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How to be smart parents in digital era?

Update: December, 09/2020 - 08:32

 

Chu Lan Hương

In a rapidly developing world where the internet is often seen a vital tool for educating children, there is a dark side to the world wide web that can cause grief and heartache for parents.

It is high time we step-up and educate our children about the dangers that lurk in cyber space, from online bullying, body shaming, sexual predators, and in the most extreme cases, videos that encourage children to self-harm or even worse.

Violent videos and clips about suicide are not difficult to find online.

You might think your son or daughter is innocently watching cartoons or children’s programs when they are glued to their tablets, but in actual fact, they could just be a click away from something far more sinister.

Even social networking sites have few filters to root out what is or isn’t age appropriate for a child to watch. Yes, some videos contain warnings beforehand, but often this just fuels the curiosity.

Associate Professor, Dr. Trần Thành Nam, an educational and psychological expert, said harmful content on social networks that are not strictly controlled are silently reaching young people, especially children with complicated psychological developments, loneliness or unusual hobbies.

And then there are the extremes.

We have all read about so-called pop-ups and scary cartoon characters appearing on YouTube encouraging children to do bad things.

Yes, many of these stories can be dismissed as urban legends or simply anecdotal, but what is not in doubt is the number of criminal networks using the web to trick children into committing unspeakable acts.

Lieutenant Colonel Khổng Ngọc Anh from the Criminal Police Department said: “There were several online videos teaching kids how to commit suicide, and teaching children if they were in trouble or disagree with someone they should find a peaceful death.”

Schools play their part in teaching children to spot warning signs and dangers online, but as parents our role in protecting our kids is far greater.

Any parent who claims never to have just handed over an iPad or smartphone to their child in the hope of a few moments of peace for themselves would be lying. We’ve all done it.

And yes, 99% of the time chances are your son or daughter is probably just watching Peppa Pig, but it’s that other 1% that’s the real concern.

Challenges to parents

In recent decades, technology has played a significant role in promoting the development of both education and the economy but it also creates a great deal of pressure for parents.

Controlling smart devices, along with harmful content in the endless data of social networks has become an almost impossible task, for many.

“It was really hard for me to control my children’s internet access,” said Nguyễn Hoàng Oanh, a mother of two children.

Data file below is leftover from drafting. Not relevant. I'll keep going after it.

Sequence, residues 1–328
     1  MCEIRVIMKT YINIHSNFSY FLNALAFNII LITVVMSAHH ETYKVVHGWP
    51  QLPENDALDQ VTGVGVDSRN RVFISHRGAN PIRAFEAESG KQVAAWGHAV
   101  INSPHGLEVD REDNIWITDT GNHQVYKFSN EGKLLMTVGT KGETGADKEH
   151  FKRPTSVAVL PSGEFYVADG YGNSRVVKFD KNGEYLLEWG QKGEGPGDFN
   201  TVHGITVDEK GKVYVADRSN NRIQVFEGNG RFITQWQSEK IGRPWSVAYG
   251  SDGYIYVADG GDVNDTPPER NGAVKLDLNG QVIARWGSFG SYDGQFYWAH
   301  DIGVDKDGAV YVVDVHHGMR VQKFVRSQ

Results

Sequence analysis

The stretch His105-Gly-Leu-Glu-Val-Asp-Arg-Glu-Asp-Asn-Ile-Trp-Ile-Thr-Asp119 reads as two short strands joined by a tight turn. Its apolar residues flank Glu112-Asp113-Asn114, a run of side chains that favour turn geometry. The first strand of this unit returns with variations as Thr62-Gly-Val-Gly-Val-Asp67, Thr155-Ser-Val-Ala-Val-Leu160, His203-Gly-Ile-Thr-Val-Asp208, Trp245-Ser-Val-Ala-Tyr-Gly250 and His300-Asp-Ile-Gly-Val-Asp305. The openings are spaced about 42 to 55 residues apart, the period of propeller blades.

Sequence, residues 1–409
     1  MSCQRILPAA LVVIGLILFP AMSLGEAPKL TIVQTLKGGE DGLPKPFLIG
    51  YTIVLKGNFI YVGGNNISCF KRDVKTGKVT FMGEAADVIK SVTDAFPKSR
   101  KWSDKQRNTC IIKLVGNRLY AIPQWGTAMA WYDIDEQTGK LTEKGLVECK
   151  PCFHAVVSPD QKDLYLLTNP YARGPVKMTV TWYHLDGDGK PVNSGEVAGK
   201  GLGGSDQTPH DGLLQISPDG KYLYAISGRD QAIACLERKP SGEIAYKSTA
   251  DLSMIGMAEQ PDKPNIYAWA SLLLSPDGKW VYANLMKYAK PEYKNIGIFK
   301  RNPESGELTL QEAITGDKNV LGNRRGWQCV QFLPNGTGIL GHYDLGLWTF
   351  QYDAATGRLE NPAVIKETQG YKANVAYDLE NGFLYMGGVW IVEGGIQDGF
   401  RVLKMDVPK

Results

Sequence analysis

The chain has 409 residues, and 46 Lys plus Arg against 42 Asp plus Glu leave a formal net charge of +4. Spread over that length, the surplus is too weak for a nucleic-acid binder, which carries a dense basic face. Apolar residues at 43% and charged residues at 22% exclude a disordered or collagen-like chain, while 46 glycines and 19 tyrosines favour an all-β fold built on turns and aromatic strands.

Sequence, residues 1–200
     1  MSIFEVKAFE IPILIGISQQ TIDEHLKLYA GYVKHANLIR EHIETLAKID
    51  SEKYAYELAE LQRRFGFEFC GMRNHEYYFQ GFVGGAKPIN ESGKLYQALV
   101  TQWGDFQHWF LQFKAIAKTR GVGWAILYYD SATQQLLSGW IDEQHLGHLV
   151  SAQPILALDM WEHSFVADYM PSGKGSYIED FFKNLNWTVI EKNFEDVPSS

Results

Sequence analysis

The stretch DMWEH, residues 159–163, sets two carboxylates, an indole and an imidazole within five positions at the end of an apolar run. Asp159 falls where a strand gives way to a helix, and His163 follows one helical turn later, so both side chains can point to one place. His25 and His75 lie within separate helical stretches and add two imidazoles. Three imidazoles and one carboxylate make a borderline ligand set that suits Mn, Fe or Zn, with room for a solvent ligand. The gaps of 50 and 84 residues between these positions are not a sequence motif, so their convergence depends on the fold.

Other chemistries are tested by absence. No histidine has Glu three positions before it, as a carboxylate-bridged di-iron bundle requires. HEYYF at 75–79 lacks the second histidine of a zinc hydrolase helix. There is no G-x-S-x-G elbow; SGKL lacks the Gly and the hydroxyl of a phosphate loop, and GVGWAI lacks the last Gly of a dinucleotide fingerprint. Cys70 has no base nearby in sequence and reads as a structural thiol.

“I could not watch all the videos or the sites they visited,” said Oanh.

“They made me mad because of the amount of time they spend watching YouTube or on Facebook.

“Sometimes, I wanted to ban them from accessing to internet by confiscating their smart phones or tablets but I did not do that.

“I was a little concerned that my children would lag behind their friends if they did not have a chance to listen to the latest music videos or update trends of young people all over the world.

“This was my dilemma.”

There is another age old problem that, let’s face it, is common among many households. Often it’s your children who know more about technology that you do.

Some parents even go to the lengths of cutting the wire altogether, banning all internet access for their children.

“My children did not talk with me anymore since I prohibited them watching YouTube,” said Nguyễn Liên Phương, a 45-year-old woman.

According to Dr. Khuất Thu Hồng, director of Social Development Institution, parents should not blame social media in its entirety.

The responsibility falls firmly on their shoulders when it comes to equipping our children with the knowledge and skills to know what to do and how to behave properly, Hồng said.

In real life, if we do not teach children how to swim or cross the roads in accordance with traffic laws then they will also face risks and dangers, Hồng said.

“Social networks, technology were developing day by day, so we should review what skills and knowledge we were equipping our children with to survive in such a fast-growing society," the expert said.

A big part of parenthood is teaching your offspring the realities of life. In the past it may have been not to talk to strangers, or take care when crossing the road. And while those lessons are still vital, there is an added dimension to consider.

And for parents to be able to warn their children of the dangers hiding within the pages of the internet, we too need to collect the knowledge ourselves.

We need to know first-hand the risks. Only then can we all become good parents in the modern age.  VNS

 

 

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